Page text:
While admission to internship in prosecutor and judge profession are commonly regarded as fair, admission to notary, barrister and counselor's is regarded unfair. Regional bar associations have no interests of admitting new members, and often allow an extraordinary low number of new interns (often one or two) for each year. It is said that those professions are inherited, since only son or daughter of an barrister can become one. Even president of Barrister's National Bar said in television interview that he prefer son of barrister for being admitted to internship, than others. Additional exams for those occupations are often ridiculously wide and can include questions about movies directed by Krzysztof Kieslowski.
Given that situation, Constitutional Tribunal in February 2004 struck down law giving those bar associations rights to performs exams as unconstitutional. This however may mean that no admissions to those occupations may take place in 2004 since Sejm didn't create new law.
Only members of those five occupations can write certoriaris to Supreme Court and Constitutional Tribunal in cases in which they themselves are sides. All others must use the services of barristers or counselors.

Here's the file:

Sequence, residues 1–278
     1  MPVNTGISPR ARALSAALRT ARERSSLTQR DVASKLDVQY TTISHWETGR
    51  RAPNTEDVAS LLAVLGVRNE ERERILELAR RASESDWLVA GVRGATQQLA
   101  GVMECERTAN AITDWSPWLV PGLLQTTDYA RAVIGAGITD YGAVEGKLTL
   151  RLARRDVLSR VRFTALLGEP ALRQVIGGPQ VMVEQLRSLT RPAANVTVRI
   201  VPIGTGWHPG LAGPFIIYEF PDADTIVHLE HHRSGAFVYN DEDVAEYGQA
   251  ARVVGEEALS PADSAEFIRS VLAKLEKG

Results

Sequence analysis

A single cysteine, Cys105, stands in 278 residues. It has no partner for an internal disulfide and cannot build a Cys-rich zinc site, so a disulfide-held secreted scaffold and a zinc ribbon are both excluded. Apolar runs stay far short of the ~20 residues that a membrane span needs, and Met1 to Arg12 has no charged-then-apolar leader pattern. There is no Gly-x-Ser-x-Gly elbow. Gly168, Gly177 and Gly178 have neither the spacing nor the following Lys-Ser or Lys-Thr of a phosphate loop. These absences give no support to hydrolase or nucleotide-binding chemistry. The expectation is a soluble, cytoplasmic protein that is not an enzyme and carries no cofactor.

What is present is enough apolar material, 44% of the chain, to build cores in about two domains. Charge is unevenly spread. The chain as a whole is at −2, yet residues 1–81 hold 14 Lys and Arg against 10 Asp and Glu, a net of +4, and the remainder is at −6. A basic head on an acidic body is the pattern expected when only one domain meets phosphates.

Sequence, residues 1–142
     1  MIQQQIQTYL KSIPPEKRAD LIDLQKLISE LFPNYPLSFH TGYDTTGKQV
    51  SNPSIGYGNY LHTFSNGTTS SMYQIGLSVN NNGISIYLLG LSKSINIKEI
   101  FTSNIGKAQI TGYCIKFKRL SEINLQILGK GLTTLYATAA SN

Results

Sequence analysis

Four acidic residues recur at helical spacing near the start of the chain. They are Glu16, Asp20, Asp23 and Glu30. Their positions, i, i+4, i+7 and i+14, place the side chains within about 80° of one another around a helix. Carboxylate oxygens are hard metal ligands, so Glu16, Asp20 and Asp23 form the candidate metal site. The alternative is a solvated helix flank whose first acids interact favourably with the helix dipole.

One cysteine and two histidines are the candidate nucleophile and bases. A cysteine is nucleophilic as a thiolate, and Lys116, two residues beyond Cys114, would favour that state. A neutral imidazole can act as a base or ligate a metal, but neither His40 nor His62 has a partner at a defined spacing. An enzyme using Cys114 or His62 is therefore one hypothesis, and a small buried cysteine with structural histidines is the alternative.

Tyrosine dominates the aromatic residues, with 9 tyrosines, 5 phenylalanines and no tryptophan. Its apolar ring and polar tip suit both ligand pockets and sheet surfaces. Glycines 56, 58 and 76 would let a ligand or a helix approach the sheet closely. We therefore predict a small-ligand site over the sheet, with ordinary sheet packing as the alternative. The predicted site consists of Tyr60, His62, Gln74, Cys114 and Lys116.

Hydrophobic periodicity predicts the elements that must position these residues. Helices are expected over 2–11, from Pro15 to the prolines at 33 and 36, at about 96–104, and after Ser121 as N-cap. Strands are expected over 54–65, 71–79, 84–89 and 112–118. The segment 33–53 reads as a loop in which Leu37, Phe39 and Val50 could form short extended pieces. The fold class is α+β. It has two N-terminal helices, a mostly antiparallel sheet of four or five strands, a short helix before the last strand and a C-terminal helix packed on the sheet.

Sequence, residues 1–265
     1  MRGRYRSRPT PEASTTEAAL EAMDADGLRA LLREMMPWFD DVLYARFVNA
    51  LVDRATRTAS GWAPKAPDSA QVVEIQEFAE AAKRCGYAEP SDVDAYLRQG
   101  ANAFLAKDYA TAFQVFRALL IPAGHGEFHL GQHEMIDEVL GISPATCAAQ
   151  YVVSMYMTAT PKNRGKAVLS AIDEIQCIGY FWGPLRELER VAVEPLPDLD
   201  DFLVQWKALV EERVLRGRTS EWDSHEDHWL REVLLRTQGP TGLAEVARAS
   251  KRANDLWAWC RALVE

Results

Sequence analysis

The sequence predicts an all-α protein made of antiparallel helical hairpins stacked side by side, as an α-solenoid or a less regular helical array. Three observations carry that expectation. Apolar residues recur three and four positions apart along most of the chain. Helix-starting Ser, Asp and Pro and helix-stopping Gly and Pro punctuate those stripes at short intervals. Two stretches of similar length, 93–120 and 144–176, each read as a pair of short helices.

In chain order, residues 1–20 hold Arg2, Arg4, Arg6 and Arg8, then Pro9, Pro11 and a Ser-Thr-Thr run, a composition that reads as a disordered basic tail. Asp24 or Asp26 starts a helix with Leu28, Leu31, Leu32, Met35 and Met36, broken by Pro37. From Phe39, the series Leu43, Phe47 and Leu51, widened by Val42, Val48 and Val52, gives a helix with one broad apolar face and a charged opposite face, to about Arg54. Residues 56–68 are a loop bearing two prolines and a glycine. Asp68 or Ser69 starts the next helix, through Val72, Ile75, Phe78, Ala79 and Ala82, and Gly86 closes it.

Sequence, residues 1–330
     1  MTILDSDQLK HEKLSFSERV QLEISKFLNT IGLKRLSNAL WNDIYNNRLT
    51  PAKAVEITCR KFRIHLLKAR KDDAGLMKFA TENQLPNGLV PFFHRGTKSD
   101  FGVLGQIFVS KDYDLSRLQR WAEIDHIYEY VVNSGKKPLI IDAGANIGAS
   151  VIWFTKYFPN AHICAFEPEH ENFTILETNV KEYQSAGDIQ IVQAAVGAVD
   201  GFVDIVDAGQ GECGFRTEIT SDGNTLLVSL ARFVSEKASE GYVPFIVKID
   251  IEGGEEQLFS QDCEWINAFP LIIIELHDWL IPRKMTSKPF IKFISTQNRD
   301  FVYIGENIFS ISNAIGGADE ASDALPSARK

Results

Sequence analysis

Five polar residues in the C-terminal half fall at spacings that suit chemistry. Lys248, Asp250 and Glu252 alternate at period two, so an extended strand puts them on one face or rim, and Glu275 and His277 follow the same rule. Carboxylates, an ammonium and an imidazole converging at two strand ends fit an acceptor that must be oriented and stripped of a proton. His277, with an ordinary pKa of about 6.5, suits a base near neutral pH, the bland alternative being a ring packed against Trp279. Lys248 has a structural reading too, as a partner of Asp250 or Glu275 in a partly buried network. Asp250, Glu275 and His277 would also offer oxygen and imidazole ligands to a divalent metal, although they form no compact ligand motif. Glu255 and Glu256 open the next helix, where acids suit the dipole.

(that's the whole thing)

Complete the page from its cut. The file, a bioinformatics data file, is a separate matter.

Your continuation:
Similar privileges have habiliated Ph.D.s in Law. They can join any bar association without exams, and can write certoriaris to Supreme Court and Constitutional Tribunal.
Because in Polish law, as an agent can act any person, some lawyers do what in UK is being done by solicitors. So specialized persons write legal agreements, perform negotiations, or execute debts.
Additionally, since company can be represented in civil court by its own employee some small and medium companies do not employ barristers or counselors but instead rely on in-house lawyers not being admitted to bar.
In recent case, when local bar association tried to prosecuted woman (MA in law), for giving legal advice without proper qualifications, the Constitutional Tribunal struck this down crime saying that having MA in law is indeed a proper qualifications.